UUU (btw. good to use simply given and more comfortable to use such names, it gives the questioner and answerer more seriousity, who would sacrify normaly to a UUU and have not certain discomfort with it?) and who ever also seriously interested, here in short but selfexpanding if going deeper, answers to the single questions:
Did the Buddha teach some measure of "Engaged Buddhism", to maybe more of a lay person audience?
In regard of being a perfect disciple, he praised people who teach and also act according the Dhamma most. But one is also fine in just carrying about himself, since the Buddha knew that circumstances and possibilities of being are different and had no illusion of creating a "good" and peaceful Samsara.
Sikkha Sutta: Trainings
This sutta is one of a series explaining AN 4.95, which rates individuals of four types. The lowest is the one who doesn't practice for his own benefit or for the benefit of others. Higher than this is the person who doesn't practice for his own benefit, but does practice for the benefit of others. Higher still is the person who practices for his own benefit, but not for the benefit of others. Highest of all is the person who practices both for his own benefit and for the benefit of others. Thus, as explained in this sutta, it is best if you not only follow the precepts but can also get others to follow them as well.
In regard to a layman's relations he gave advice to be secure in all directions: Sigala- sutta, The Layperson's Code of Discipline
In regard of community duties and engagements, he set out rules only for the Sangha of Monks and mostly very voluntary to take on. Most is a matter of duties in relation between teacher and disciples: Cv 8: Vatta Khandaka — Collection of Duties but even in teaching Dhamma by monks the prefix "I a monk wishes..." is always present, so it was of most interest for him, that people strive for their own liberation also for monks. Yet not to speak of his non-encouragement in getting additional burdened for laypeople how have already enought duties out of their dependency and dealing in society by themselves.
Did the Buddha ever teach "Engaged Buddhism" to the Bhikkhus?
No at all, not in the way it is generally understood. A Bhikkhu is not asked to help in any way with outwardly things but more over, out of good reason, limited and "discouraged" to help in usually wordily ways, since it would make the path for liberation invisible for many in that way.
Making a living provide a favor for supporter in giving wordily help and assistance like sadly many popular monks do, the Buddha called "animal art" and such is a heavy offence and corruption. How ever, in some cases Bhikkhus are allowed to give also help in frame of food, cloth, shelter and medicine if having or ask for such, but that is restricted to people like father and mother or people near the Sangha and training. (See also under politic and taking side below.)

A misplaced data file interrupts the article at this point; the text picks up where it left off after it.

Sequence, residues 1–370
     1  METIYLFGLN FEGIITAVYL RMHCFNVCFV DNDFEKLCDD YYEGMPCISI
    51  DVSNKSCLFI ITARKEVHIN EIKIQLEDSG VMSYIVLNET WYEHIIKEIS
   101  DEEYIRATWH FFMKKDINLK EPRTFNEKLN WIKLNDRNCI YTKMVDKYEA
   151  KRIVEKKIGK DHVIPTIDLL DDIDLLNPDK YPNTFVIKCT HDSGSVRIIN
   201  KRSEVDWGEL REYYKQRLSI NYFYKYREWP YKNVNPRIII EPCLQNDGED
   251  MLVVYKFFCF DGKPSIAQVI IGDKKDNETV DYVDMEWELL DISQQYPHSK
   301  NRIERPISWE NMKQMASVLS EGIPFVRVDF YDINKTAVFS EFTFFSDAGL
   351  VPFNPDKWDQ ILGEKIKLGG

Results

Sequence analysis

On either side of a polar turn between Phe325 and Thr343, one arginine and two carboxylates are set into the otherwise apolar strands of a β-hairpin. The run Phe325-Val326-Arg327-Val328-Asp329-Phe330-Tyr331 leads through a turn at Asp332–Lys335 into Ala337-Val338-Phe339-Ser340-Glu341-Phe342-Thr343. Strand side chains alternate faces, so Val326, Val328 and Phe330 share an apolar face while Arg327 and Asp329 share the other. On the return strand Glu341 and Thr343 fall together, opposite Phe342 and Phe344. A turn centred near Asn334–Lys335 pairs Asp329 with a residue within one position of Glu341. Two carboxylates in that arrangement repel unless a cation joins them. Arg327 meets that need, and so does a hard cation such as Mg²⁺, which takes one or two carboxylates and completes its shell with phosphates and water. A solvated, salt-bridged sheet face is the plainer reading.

Even in regard of being engaged in helping by teaching the Dhamma, there are cases where the Buddha called those who have not gained something lasting for themselves, called Bikkhus "worthless monk" to provoke to do the real desk fist: The Story of Thera Potthila
He encouraged sometimes disciples of him, who have reached at minimum Streamwinning, e.g. Noble Ones, to teach the Dhamma for release of engagement, liberation, if willing and able. A encouragement given to his disciples who have all already gained path and fruits or even liberation, which is often "misused" by so called "Dammaduta"-monks, monks who teach or even missionaries engaged in improper ways putting often Vinaya on the second place for doing so.
He also mentioned that it is good to approach and rebuke sectarians from time to time, like the householder Anathapindika once did and of course always praised the gift of Dhamma.
Not and nowhere it will ever accrue as a duty to "rescue" others, at least because it's not possible. Those with less dust in the eyes how ever, have all possibilities to follow and receive support.
What Buddhist scriptures support Engaged Buddhist teachings?
Some, or better most, take certain rebirth stories as indirect encouragement, but the Buddha did not teach to follow his non-perfect history but provided the best way for one self and all others with the engagement in the Noble Eightfold path.
All scripts supporting such are later and defiled developments of those not seeing benefit of ending engagement in a wheel of causing suffering for one self and all others.
Is it proper for a Bhikkhu to be political in anyway in the world or in the monastery?